Update on COVID-19 — the Novel Coronavirus
Betty Chaffee, PharmD, is owner and sole proprietor of BetterMyMeds, a Medication Management service devoted to helping people get the maximum benefit from their medications.
News is changing quickly when it comes to the novel coronavirus that was identified late last year. As a matter of fact, just three days after our first article on this subject was published, a public health emergency was declared in the United States to help deal with COVID-19. At that time, there had been 14 confirmed cases of COVID-19 in the US, and a total of about 10,000 confirmed cases in China with just over 200 deaths. As of yesterday, there have been nearly 91,000 cases globally, with about 3,100 resulting in death. Here in the US, there were 80 cases confirmed as of yesterday, with 9 deaths. The map below shows the countries that have been affected as of March 4, 2020. A big change from six weeks ago.
There's a fair amount of concern and anxiety over this new virus and the disease it causes. And there are good reasons for that. We've seen cruise ships quarantined, businesses closed down, people forced to stay indoors for days on end. Most of this has been overseas, yes, but some of it has happened here in the US. So a lot of people are nervous. You can't even get face masks any more, and some stores are out of hand sanitizer and even toilet paper! Let's talk first about what kind of infection this is, then look at what the experts are recommending for us.
What is COVID-19?
COVID-19 is the name given to the disease caused by the novel coronavirus that was identified late last year. The virus itself has been given the name SARS-CoV-2. So you might see either of those names when reading articles. You may also see 2019 n-COV. There may be other terms that are used as well, so don't be surprised. Here we'll use COVID-19 to refer to the disease, and SARS-CoV-2 to refer to the virus.
Where did SARS-CoV-2 come from, and how is it spread?
This new coronavirus is believed to have come from bats, and transmitted from bats to humans in a market in China. From there it began to spread between humans, and that's what is continuing to happen worldwide. The virus is thought to spread in the same way that colds and flu spread. When an infected person sneezes or coughs, droplets remain in the air and can infect people nearby. Those droplets can also land on things people touch, like doorknobs and computer keyboards. The next person(s) to touch that surface can then become infected with the virus when they touch their mouth, nose, or eyes.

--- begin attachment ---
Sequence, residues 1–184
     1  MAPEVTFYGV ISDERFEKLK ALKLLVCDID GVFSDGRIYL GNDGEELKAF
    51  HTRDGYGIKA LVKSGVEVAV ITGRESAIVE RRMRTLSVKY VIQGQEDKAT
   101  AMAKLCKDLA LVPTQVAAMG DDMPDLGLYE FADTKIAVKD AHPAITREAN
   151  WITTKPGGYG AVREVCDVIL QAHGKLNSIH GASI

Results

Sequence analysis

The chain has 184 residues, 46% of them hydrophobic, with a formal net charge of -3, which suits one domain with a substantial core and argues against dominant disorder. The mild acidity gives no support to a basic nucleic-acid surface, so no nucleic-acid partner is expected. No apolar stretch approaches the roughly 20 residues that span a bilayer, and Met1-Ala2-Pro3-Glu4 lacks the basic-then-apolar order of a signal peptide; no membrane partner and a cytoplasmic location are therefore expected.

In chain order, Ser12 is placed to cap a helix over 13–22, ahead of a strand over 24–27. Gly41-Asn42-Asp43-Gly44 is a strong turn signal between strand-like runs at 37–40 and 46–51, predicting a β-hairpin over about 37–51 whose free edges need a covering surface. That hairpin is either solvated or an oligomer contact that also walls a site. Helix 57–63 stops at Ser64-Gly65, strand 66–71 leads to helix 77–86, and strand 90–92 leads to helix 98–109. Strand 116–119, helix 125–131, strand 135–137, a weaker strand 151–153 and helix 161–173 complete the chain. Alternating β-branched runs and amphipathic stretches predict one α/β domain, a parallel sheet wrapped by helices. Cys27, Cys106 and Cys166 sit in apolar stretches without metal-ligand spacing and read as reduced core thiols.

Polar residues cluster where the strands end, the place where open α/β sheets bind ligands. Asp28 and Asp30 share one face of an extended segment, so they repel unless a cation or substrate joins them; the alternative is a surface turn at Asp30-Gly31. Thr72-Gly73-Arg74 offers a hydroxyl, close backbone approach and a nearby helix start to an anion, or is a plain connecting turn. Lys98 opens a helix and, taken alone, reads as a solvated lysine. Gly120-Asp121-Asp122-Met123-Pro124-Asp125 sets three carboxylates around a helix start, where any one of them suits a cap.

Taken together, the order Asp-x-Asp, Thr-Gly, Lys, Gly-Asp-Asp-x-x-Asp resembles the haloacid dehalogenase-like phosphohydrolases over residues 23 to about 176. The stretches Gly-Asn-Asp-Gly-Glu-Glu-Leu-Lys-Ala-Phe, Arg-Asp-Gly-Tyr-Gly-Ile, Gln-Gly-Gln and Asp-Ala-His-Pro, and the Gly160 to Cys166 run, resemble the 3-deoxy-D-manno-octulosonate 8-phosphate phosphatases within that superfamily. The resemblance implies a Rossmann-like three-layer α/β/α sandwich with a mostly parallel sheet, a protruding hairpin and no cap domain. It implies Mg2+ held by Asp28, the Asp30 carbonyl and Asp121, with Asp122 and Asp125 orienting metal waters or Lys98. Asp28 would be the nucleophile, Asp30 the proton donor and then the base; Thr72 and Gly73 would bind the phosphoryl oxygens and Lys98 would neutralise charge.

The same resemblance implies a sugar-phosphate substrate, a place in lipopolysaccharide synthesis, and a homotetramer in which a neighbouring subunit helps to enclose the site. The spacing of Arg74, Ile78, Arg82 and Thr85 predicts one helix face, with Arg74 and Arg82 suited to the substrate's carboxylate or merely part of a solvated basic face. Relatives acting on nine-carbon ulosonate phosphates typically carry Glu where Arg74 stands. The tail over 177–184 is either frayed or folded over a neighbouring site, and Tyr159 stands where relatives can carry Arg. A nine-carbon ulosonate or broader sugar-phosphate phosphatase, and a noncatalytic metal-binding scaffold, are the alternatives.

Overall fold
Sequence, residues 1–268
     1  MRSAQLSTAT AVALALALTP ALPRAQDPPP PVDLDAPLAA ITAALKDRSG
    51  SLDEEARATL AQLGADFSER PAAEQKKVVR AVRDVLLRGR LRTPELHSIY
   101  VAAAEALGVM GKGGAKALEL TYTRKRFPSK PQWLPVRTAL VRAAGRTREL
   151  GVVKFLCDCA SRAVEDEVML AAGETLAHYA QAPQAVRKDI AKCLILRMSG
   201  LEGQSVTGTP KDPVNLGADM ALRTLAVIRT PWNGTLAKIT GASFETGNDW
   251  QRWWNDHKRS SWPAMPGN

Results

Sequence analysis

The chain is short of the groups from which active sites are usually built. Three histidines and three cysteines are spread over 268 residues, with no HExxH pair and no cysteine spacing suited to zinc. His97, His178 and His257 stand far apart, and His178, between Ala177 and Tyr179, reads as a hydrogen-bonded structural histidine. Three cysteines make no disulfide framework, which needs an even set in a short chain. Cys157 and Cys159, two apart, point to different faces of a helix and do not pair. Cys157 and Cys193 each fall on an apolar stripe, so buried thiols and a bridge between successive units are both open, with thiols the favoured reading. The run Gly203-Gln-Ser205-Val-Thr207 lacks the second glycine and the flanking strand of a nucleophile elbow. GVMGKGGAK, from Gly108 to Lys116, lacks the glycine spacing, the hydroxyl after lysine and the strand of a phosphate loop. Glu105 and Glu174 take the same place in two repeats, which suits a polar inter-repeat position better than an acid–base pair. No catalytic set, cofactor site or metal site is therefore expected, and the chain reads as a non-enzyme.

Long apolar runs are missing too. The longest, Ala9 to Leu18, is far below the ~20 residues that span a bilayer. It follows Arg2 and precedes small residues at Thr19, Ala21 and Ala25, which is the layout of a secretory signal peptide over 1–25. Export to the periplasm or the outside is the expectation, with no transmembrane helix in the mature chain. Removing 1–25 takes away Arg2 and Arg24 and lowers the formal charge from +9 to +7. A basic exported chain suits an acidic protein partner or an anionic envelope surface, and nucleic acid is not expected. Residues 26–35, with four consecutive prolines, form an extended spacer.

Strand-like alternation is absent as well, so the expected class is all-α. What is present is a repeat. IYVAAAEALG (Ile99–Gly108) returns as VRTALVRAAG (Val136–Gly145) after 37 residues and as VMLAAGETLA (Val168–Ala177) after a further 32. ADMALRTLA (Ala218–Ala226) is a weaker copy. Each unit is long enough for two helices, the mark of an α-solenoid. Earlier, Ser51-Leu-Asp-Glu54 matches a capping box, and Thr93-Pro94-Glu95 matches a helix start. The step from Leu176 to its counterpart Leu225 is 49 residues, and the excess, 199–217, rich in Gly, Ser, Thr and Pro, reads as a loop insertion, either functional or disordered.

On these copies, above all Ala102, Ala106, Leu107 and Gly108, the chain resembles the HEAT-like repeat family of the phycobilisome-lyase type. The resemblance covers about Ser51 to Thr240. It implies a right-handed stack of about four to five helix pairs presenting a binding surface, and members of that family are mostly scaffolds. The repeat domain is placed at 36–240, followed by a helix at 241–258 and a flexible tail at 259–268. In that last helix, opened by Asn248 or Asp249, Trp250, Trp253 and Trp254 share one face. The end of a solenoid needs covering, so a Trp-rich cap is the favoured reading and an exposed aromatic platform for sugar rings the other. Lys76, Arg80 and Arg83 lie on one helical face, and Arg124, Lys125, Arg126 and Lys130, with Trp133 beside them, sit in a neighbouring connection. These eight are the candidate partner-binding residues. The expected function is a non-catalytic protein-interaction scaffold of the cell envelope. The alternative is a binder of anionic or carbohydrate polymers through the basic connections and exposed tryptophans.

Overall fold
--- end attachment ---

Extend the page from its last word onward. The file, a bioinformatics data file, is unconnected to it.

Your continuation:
It's not clear yet whether this virus will become less active as the weather warms, like cold and flu viruses. So experts are giving advice on what to do if it continues to spread and starts affecting more communities in the US and worldwide.
My colleague Dr. Alan Tanabe described the symptoms to watch for in our previous article, and also listed the best methods of prevention of infection. (Experts are NOT recommending routine use of facemasks for prevention of infection, which is good since they're in very short supply.) Here are some updated recommendations from the experts.
Prepare your household in case someone becomes ill. Think about those with whom you live. Is anyone unable to care for him/herself? Does a family member have chronic health problems that would make them more likely to become severely ill? How might you limit contact with someone in your household that becomes ill? By answering these questions and others, each household can come up with a plan to put into action if needed.
Then there are recommendations for what to do if you do become ill. These include limiting contact with others in your household, cleaning surfaces regularly, and calling ahead before visiting your doctor, among other things.
What if you had plans to travel? Expert, up-to-date information about travel concerns regarding COVID-19 can be found here. Advice to these and other coronavirus-related questions can be found at the CDC's Coronavirus-19 information page.
An important thought I'd like to leave you with:
The flu -- the seasonal flu -- is still circulating in the US. At this point, the flu virus is causing many more infections (29 million), and many more deaths (16,000), than SARS-CoV-2. The symptoms are similar, and there's a substantial risk of severe illness with both infections. Thus far (and this could change) flu is way more likely to cause severe illness in babies and young children than COVID-19. So if you, or anyone you love, hasn't had a flu shot yet this season, please do it right away. You're more likely to get the flu at this point than COVID-19, and vaccination is the best way to prevent it.
As always we welcome your comments and questions directly below this article, or contact us at BetterMyMeds directly!